After yesterday's announcement from Charlie Crist that he was calling a special session of the Legislature for the purpose of drafting a constitutional amendment to ban oil drilling, Marco Rubio's campaign has responded with a fun and snarky "By the Numbers" analysis of Crist's blatant pandering:
By the numbers, Charlie Crist’s call for a special session to ban something that is already banned in Florida is nothing more than another Washington-style political gimmick meant to distract from the real issues confronting the Gulf Coast:
The Orlando Sentinel pointed out on its Political Pulse blog today that the Rubio campaign's calculation that $120,000 of our money would be wasted on the special session was "probably low:"0 oil spills will be prevented by Charlie Crist’s constitutional amendment.0 real world impact of Charlie Crist’s constitutional amendment banning something already banned in state law.0 tourists will re-book their travel to Florida because of Charlie Crist’s constitutional amendment.0 skimmers will be freed-up because of Charlie Crist’s political photo-op.0 fishermen in the Panhandle would be helped because of Charlie Crist’s constitutional amendment.0 claims will be sped up to impacted Florida Gulf Coast residents and businesses because of Charlie Crist’s constitutional amendment.0 small businesses will be able to keep their doors open because of a constitutional amendment.2 complete flip-flops Charlie Crist has done on offshore drilling.2 points down in the polls is where Crist discovered he was in the U.S. Senate race when he decided to call for a special session.4 hours between the release of a bad poll for Crist and his call for a political sideshow special session.$120,000 will be spent by taxpayers for Charlie Crist’s political photo-op special session.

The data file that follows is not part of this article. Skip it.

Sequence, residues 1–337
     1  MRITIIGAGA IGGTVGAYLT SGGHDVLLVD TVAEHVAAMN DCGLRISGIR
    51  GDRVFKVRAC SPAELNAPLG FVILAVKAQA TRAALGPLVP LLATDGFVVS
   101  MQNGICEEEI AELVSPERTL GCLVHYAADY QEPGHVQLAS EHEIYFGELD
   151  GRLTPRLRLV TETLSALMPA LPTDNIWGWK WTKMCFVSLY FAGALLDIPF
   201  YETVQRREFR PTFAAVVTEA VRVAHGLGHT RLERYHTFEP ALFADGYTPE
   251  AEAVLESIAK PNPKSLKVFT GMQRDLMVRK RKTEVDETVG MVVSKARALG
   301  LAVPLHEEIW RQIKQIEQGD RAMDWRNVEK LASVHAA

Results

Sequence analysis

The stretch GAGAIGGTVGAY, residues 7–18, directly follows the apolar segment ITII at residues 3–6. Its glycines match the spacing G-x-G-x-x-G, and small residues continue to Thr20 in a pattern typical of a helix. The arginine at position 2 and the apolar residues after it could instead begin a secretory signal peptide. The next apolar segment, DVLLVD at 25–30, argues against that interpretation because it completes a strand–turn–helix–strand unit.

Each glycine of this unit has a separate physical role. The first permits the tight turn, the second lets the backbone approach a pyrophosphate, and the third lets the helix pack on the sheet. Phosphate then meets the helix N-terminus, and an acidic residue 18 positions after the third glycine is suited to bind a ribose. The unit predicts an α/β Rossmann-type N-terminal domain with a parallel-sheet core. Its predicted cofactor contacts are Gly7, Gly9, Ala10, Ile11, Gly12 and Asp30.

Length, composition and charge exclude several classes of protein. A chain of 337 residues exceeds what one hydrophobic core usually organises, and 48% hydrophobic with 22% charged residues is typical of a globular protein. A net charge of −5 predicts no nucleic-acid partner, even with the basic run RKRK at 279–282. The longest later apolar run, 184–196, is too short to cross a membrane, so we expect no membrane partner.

Here's the St. Pete Times article referenced by the Sentinel....The cost of a special session was calculated at $40,000-per-day by a Tallahassee Democrat reporter 20 years ago. While no one has done the calculations to update the number — based largely on travel costs and per-diem of $133-a-day per legislator — the cost has almost certainly risen. The St. Petersburg Times used a $50,000-per-day number this morning — which for a 4-day session would work out to a total of $200,000 — but even that may be low.